Endocrine Abstracts (2009) 20 S23.3

Prognostic factors and adjuvant mitotane therapy for ACC

Massimo Terzolo

Department of Clinical and Biological Sciences, San Luigi Hospital, University of Turin, Orbassano, Italy.

Adrenocortical carcinoma (ACC) is a rare tumour characterized by a dismal prognosis. The most important predictor of outcome is the possibility to attain a complete resection and prognosis is extremely poor when complete surgical removal of ACC is not feasible. Most patients have resectable disease at presentation; however, fully half of the patients who have undergone complete removal of the tumour are destined to relapse. The high recurrence rate of ACC has prompted many investigators to consider the use of adjuvant therapy following radical resection of the tumour. Very recently, the results of a retrospective analysis, performed by our group, involving a large cohort of patients with ACC, who were followed for up to 10 years at different institutions in Italy and Germany, demonstrated that recurrence-free survival was significantly prolonged in the mitotane group, as compared with untreated patients, who had a significantly higher risk of recurrence than those receiving mitotane. Multivariate analysis indicated that shorter disease-free survival was associated with older age and more advanced stage.

In contrast to our experience, Bertherat et al. did not observe a significant advantage with adjuvant mitotane after complete removal of ACC, even if survival of mitotane-treated patients was better in secreting ACC. They found that steroid secretion had a prognostic value: the poorer prognosis of cortisol-secreting tumours could be related to co-morbidity of Cushing’s syndrome. Alternatively, the pathophysiology of cortisol-secreting ACC may lead to the development of more aggressive tumours. It is also possible that the adrenolytic action of mitotane requires CYP11B activity within the tumour: this enzyme is probably expressed in cortisol-secreting tumours, accounting for the more potent effect of mitotane in such tumours.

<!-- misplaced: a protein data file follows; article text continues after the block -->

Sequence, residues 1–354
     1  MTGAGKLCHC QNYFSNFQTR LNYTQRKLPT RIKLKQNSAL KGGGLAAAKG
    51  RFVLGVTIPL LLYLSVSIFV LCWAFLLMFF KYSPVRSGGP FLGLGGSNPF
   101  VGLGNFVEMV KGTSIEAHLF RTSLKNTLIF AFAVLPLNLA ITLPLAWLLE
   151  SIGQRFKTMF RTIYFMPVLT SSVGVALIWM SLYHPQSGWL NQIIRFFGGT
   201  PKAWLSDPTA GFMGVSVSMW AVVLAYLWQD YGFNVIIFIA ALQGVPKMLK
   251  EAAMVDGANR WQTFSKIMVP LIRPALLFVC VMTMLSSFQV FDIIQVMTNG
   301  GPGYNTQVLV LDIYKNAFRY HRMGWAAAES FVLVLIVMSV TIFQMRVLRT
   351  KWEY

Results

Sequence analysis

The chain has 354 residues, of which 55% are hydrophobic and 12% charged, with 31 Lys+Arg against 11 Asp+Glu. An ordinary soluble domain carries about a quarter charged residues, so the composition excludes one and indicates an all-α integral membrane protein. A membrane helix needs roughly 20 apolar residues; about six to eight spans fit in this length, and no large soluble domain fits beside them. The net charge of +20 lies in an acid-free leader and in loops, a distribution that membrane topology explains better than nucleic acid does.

To conclude, ACC is a rare disease with a high risk of relapse after radical surgery. In our centers, institution of adjuvant mitotane therapy following complete removal of ACC has become the standard of care, at least for patients at high risk of recurrence, as defined by advanced stage and/or high proliferation of ACC, as defined by elevated mitotic count or high Ki-67% index. A prospective randomised trial comparing the effect of mitotane versus observation in low-risk patients is currently ongoing.

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